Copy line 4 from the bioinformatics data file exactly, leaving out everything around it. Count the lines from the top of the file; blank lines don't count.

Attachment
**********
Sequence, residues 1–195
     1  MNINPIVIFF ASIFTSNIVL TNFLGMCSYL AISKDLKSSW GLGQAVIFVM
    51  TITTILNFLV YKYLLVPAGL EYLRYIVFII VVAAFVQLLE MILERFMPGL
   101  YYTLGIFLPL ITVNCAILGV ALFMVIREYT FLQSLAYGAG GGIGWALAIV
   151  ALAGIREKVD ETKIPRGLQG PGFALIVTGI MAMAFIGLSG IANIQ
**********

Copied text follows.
   101  YYTLGIFLPL ITVNCAILGV ALFMVIREYT FLQSLAYGAG GGIGWALAIV